What is Price Fixing?

Mary McMahon
Mary McMahon

Price fixing is a practice in which the prices for goods and services are manipulated in a way which is designed to benefit specific companies or individuals. In a simple example of price fixing, two rival gas stations could meet and decide to offer their gas at the same price, creating an artificially high price for gasoline which consumers would be forced to pay through lack of choice. Usually, this practice is illegal, and in some nations, it comes with severe legal consequences.

If two companies happen to sell competing products at the same price, it is only considered price fixing if collusion can be proved.
If two companies happen to sell competing products at the same price, it is only considered price fixing if collusion can be proved.

When people discuss price fixing, they usually talk about corporate price fixing, in which two or more companies collude to manipulate prices. This practice can also involve individual players in the market which is being manipulated. People regard this practice as unfair because it allows companies to dictate the prices for goods and services, rather than allowing prices to fluctuate as the free market influences them. Governments may also become involved in price fixing.

If two companies happen to sell competing products at the same price, it is only considered price fixing if collusion can be proved. In other words, if two supermarkets both sell packs of a dozen eggs at the same cost, this would not be illegal. If, however, someone could prove that the owners of the supermarkets held a secret meeting in which they decided to sell their eggs at the same price, it would be considered price fixing.

Often, price fixing results in price gouging. In a free market where businesses adjust prices to meet supply and demand needs, prices can fluctuate a great deal, but they are generally considered fair. When people collude, they usually elevate prices significantly, creating a price discrimination situation in which prices rise well above a level which would be considered acceptable. Many people believe that this practice hurts the economy as a whole, which is one of the reasons it is frowned upon.

In a related concept, bid rigging, contractors collude together when offering sealed bids. The sealed bidding process is designed to generate a pool of competitive bids for a contract like supplying food to the troops or building a government building. When the contractors hold a secret meeting to determine which bid should be accepted and then submit bids in a way which promotes a particular contractor's bid, this is bid rigging. Bid rigging can be accomplished by pulling out of the bidding pool at the last minute, offering a bid which is way over-priced, or attaching unfavorable terms to a bid. These practices create the illusion of a diverse pool of bids to choose from, but they inevitably lead to a single contractor's bid as the obvious choice, thereby eliminating the competitive aspect of the process.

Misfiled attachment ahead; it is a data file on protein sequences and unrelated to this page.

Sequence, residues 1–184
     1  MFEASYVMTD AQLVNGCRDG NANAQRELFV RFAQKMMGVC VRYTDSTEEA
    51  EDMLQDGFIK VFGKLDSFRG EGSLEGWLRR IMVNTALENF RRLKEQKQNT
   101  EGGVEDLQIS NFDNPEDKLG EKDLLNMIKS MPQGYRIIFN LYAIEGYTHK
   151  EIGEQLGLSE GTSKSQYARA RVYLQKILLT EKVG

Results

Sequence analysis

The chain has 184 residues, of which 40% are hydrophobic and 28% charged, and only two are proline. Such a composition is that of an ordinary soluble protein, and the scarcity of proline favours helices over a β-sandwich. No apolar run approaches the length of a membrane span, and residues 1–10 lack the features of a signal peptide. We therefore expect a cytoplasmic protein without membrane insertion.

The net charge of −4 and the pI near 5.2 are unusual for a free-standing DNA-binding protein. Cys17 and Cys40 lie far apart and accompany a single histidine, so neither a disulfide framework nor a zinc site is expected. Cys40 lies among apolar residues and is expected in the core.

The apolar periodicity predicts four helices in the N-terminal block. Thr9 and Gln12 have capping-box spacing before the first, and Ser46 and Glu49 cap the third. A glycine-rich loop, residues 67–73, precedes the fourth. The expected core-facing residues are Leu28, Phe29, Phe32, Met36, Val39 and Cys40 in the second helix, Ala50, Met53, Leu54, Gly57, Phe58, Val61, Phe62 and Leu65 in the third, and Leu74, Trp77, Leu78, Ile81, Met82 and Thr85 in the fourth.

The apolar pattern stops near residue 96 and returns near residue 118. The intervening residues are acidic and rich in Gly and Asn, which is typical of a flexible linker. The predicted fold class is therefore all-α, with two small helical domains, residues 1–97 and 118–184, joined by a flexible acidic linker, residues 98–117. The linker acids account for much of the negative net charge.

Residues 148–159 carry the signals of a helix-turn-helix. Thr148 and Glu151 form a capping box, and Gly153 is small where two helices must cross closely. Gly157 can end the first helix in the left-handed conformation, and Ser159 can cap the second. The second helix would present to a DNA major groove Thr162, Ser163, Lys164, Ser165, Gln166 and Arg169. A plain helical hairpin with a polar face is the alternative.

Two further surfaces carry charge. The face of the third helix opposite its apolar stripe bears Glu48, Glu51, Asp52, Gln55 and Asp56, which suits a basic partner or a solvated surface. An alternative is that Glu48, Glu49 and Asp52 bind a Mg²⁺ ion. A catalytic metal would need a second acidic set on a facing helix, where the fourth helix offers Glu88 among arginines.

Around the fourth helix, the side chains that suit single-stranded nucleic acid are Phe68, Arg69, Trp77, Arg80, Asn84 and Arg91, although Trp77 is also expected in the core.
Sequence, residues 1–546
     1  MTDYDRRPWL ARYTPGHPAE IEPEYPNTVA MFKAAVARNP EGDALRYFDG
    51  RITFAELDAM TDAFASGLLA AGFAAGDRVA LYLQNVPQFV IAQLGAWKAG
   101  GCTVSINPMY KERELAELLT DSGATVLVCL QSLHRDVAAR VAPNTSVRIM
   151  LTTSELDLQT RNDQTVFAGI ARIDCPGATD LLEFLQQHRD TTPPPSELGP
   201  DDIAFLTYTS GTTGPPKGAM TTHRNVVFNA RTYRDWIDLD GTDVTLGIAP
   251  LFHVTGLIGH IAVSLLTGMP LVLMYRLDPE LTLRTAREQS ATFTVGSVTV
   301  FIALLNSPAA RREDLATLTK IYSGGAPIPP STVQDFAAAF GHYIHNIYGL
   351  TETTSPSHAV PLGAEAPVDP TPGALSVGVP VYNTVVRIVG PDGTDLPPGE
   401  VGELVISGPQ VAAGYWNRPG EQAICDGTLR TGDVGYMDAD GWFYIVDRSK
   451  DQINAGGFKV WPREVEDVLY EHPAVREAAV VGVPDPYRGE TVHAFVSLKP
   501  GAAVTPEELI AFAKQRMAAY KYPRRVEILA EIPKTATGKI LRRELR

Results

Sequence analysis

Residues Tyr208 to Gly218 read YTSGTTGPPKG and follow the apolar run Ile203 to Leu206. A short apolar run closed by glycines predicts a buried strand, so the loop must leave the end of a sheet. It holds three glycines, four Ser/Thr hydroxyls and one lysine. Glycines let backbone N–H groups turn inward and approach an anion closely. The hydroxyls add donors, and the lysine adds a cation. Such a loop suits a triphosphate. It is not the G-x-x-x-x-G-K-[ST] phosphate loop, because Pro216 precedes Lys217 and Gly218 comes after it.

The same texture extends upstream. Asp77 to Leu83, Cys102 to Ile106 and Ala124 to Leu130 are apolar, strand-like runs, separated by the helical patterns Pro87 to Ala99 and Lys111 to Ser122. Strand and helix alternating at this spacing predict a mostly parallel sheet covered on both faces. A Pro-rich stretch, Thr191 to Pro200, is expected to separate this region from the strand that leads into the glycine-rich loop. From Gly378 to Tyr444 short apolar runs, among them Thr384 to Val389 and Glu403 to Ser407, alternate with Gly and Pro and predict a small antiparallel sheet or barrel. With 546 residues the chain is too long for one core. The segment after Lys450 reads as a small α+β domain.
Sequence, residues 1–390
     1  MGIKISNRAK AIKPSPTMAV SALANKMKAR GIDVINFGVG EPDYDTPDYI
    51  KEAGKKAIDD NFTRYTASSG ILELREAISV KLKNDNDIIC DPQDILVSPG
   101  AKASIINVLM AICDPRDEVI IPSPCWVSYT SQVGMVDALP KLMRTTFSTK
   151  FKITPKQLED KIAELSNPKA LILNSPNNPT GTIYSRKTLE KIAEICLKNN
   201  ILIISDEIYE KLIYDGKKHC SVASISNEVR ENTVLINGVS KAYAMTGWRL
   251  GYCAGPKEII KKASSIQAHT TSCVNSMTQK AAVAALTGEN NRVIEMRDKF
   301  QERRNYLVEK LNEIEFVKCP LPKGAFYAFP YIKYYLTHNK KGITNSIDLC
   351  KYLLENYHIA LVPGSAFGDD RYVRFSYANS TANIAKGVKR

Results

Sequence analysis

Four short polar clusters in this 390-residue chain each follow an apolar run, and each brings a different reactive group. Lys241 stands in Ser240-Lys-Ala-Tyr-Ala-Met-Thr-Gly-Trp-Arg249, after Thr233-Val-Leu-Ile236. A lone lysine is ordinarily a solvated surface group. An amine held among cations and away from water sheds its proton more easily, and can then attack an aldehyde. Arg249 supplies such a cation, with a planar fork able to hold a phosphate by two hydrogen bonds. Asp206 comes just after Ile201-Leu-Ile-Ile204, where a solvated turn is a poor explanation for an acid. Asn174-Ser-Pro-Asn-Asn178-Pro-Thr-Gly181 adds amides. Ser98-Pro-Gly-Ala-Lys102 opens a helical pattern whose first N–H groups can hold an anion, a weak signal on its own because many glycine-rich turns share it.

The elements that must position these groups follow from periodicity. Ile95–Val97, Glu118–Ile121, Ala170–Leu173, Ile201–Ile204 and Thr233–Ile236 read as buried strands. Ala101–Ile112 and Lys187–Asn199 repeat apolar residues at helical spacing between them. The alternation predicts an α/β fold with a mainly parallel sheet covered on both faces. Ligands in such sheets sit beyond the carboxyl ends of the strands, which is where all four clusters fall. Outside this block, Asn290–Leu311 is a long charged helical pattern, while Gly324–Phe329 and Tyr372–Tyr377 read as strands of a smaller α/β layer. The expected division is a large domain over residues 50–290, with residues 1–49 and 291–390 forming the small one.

Mary McMahon
Mary McMahon

Ever since she began contributing to the site several years ago, Mary has embraced the exciting challenge of being a wiseGEEK researcher and writer. Mary has a liberal arts degree from Goddard College and spends her free time reading, cooking, and exploring the great outdoors.

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Discussion Comments


Cafe41-I think that sometimes there is collusion among the gas stations.

I noticed that in a given corner all of the gas prices are exactly the same. I don’t know if it is gas price fixing or not, but it does make me wonder.

I guess they do have the power set up cartels. They do control the oil.


Moldova- Wow that is awful. The only experience that I have with price fixing involved the price fixing that occurred during Hurricane Andrew.

Convenience stores were charging about $10 for a bag of ice and almost $15 for a multipack of water. It was terrible. The Attorney General even got involved because of the antitrust laws regarding price fixing.


BrickBack- Sometimes this happens on online bidding sites. Ebay price fixing would work the same way.

A phantom bidder would try to outbid an interested bidder only to pull out at the end. Ebay monitors its site for this type of fraud.


The first thing I think of when I hear the term price fixing is an auction. Although price fixing is called bid shilling is also a illegal and works the same way.

In a bank sponsored foreclosure auction having audience members that were sent to the auction to purposely bid on the property to raise the price of the home are also committing a price fixing offense.

This artificially drives up the price and the winning bidder ends up paying more.

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